Leave it to Neill Blomkamp to stir the pot the way he did a couple of days ago. While responding to a fan's tweet asking about who should play the new Robocop in Neill Blomkamp's planned direct sequel to the 1987 classic, currently titled Robocop Returns, the District 9 director had only one name in his heart: Peter Weller himself. Now while everyone is either foaming at the mouth to make this happen, or scratching their heads as to how, there's a clever solution that's been on ice for the last 30 years. As it turns out, the original concept for Robocop 2, written by series masterminds Ed Neumeier and Michael Miner, has just the ticket to making Weller the man who would play Alex Murphy again.
Back in the days of the original Robocop's success, Orion Pictures really wanted a sequel to help their then flagging studio. Enter Neumeier and Miner, drafted to craft what would eventually be called Robocop: The Corporate Wars. The script, according to an interview between the writers and the site Robocop Archives, eventually fell prey to an ill-timed writer's strike and the studio's want for an ASAP follow-up film. What sucks is, in that script, we see Alex Murphy seemingly bite the big one in the first couple of minutes, only to wake up decades later in the future. A future where OCP has run rampant, and the world needs Murphy to set things right once more.
The kicker is that initial draft from Ed Neumeier and Michael Miner is now the one that newly hired writer Justin Rhodes is currently re-writing for Neill Blomkamp's Robocop Returns. As it's no secret that Neumeier and Miner are looking to wipe out the sequels that were created after their original film (Halloween style), and with Blomkamp making a name for himself when it comes to sequels that override canon, one would think this story won't deviate too far from the original vision. Should this be the case, it's a perfect recipe for Peter Weller to come back to the fold. The story has the opportunity built in, with the blessing of the original minds behind the franchise's fate, and it even has some options when it comes to integrating Weller himself.
While the rationale in Robocop: The Corporate Wars' script calls for Alex Murphy to have been cryogenically frozen over these past years, there's still the possibility that Murphy will still have aged somewhat if this tactic remains in Robocop Returns. After all, cryo-stasis would be able to slow down the aging process, not kill it entirely. It's encouraging when you think about how Peter Weller looks pretty good at his age, which also helps ease into any of the strategies and alternatives that could be used to make his participation work to the best-case scenario. Should Neill Blomkamp feel the need to do some CGI touch-ups a la Marvel's Ant-Man films, that too is also an option.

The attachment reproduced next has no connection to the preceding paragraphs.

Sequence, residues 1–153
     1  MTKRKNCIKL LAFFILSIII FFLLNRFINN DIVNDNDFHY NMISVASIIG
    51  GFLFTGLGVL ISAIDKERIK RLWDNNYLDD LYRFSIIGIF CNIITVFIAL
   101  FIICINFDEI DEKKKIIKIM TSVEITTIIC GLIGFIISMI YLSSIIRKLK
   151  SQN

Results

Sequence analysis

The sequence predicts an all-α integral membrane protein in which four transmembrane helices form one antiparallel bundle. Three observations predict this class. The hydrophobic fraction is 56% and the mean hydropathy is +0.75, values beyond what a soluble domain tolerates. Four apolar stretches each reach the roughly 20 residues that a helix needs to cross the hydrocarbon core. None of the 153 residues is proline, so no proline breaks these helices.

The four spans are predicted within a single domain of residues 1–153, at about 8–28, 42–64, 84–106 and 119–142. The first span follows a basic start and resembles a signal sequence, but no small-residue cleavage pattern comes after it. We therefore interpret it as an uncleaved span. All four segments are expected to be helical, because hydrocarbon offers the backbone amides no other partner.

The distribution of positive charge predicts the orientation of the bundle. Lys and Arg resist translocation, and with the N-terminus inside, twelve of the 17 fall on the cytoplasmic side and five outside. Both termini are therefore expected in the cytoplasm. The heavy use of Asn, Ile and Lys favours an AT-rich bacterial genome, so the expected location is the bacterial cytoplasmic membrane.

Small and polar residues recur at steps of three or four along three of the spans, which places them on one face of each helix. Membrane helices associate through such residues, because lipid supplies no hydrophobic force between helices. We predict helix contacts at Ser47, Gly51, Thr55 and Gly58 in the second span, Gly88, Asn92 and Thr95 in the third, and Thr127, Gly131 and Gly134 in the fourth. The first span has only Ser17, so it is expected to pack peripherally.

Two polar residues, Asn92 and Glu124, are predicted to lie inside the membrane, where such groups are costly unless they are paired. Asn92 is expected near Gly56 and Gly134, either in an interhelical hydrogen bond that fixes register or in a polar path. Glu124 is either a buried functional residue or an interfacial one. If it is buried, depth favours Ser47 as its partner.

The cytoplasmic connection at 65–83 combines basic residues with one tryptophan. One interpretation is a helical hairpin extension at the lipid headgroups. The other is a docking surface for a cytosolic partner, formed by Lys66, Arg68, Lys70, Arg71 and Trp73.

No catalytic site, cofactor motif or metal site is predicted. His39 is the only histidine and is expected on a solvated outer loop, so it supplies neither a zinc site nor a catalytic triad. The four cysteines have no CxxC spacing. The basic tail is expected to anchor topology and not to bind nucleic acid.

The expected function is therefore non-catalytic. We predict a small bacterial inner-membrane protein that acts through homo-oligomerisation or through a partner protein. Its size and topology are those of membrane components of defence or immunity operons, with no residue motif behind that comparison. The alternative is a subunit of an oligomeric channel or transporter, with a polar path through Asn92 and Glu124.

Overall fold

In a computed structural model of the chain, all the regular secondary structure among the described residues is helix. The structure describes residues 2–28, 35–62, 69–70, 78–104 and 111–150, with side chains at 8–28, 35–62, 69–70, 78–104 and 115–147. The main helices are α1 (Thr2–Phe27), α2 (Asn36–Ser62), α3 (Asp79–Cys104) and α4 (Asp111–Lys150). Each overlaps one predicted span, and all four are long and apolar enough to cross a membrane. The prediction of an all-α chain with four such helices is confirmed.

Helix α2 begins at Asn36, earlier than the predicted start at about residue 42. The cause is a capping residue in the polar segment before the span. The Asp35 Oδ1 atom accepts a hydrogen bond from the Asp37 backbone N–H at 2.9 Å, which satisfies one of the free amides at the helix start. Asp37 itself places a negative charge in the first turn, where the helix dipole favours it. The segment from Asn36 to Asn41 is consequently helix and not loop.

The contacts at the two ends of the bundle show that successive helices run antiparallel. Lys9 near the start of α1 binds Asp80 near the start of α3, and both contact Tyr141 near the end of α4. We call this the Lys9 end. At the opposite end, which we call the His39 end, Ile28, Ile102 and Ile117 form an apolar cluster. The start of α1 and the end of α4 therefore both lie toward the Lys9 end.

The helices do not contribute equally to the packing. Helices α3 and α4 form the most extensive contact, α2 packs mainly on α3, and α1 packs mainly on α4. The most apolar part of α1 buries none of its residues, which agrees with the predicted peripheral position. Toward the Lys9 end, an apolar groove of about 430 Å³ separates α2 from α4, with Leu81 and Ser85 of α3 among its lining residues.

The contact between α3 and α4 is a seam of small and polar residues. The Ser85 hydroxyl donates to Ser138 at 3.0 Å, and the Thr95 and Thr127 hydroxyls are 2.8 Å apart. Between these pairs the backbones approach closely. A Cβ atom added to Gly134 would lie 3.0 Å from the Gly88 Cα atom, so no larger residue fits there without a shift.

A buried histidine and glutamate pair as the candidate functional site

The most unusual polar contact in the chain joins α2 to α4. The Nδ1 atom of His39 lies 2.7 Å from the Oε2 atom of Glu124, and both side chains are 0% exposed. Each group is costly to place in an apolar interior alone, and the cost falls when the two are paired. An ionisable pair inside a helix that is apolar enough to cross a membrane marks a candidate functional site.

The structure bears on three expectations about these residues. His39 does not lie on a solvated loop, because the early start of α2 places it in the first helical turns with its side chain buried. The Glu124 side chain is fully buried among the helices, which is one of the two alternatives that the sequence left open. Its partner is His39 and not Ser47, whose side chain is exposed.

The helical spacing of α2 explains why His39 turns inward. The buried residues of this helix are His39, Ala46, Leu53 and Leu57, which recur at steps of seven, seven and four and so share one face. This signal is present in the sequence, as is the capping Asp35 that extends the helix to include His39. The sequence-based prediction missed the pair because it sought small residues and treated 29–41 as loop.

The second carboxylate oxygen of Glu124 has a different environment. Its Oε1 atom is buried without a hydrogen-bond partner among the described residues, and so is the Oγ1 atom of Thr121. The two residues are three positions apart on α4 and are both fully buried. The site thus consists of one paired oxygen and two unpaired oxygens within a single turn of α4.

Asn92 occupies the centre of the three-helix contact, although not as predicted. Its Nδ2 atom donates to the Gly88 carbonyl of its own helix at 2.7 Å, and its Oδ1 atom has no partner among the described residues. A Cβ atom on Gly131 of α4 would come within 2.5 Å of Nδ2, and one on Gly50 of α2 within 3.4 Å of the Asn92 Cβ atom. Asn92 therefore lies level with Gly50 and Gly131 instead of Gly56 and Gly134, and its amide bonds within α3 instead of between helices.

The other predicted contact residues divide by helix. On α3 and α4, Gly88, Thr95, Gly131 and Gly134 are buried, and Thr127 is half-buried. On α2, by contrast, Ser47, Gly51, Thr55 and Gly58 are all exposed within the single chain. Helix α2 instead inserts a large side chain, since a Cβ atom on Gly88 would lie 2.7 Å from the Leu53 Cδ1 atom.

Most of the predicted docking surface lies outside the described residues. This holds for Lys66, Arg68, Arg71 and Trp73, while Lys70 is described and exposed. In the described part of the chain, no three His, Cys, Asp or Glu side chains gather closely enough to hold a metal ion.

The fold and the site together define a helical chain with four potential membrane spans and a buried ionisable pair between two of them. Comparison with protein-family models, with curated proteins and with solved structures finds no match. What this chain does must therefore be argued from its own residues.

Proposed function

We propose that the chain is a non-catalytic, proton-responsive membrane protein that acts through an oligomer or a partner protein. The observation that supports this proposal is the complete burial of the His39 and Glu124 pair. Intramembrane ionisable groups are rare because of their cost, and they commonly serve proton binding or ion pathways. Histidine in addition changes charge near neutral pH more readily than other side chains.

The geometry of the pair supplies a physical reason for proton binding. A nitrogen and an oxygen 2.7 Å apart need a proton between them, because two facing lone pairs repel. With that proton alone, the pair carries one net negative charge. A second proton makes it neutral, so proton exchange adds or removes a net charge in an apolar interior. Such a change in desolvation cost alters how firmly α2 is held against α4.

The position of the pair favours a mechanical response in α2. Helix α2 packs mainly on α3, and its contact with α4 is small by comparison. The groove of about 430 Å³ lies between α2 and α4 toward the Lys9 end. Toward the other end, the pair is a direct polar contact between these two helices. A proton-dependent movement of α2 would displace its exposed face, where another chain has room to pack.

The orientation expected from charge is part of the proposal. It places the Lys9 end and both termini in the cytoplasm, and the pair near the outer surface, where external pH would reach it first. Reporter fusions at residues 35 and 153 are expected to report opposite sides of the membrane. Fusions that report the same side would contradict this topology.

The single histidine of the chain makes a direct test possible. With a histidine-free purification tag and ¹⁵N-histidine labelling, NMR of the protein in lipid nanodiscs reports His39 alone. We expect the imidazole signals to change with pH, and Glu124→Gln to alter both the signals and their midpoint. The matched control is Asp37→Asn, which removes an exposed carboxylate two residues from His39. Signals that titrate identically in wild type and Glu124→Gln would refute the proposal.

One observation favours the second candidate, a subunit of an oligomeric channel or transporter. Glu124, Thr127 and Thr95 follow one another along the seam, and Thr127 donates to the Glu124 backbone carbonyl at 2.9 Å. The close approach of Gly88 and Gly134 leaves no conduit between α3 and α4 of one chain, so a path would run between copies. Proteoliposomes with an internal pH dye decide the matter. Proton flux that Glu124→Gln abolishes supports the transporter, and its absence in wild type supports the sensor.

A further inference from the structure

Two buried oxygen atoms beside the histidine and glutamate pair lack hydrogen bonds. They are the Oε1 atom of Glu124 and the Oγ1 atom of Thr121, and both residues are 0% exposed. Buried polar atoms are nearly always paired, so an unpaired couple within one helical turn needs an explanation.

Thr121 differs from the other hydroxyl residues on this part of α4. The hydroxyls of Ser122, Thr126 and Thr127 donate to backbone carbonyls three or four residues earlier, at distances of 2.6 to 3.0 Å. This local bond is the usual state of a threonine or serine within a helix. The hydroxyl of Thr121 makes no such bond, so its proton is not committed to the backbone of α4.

Up until this point, it might have been difficult to even dream of putting Peter Weller into a new Robocop suit. But now with advanced mo-cap and CGI, it's totally plausible that this new script's revival of Alex Murphy can look like the 1988 Writer's Strike never happened. Robocop is a franchise that deserved way better in terms of its sequels, and while it's been a long, crazy road to Robocop Returns, it looks like the wait for a true sequel will have been worth it. While Ed Neumeier and Michael Miner did get to visit pieces of their sequel's story in the syndicated TV show, Robocop: The Series, Neill Blomkamp's Robocop Returns is the best hope for revisiting the concept with the biting satire and hardcore action of the original Paul Verhoeven film. And thanks to the technological advances of today, as well as some real-time aging on Peter Weller's behalf, the story's big jump into the future will be as authentic as humanly possible.
You can read more about the original, unused concept for Robocop: The Corporate Wars over at the Robocop Archives' site, and you can even see the original draft for the film's story for yourself.
CinemaBlend's James Bond (expert). Also versed in Large Scale Aggressors, time travel, and Guillermo del Toro. He fights for The User.
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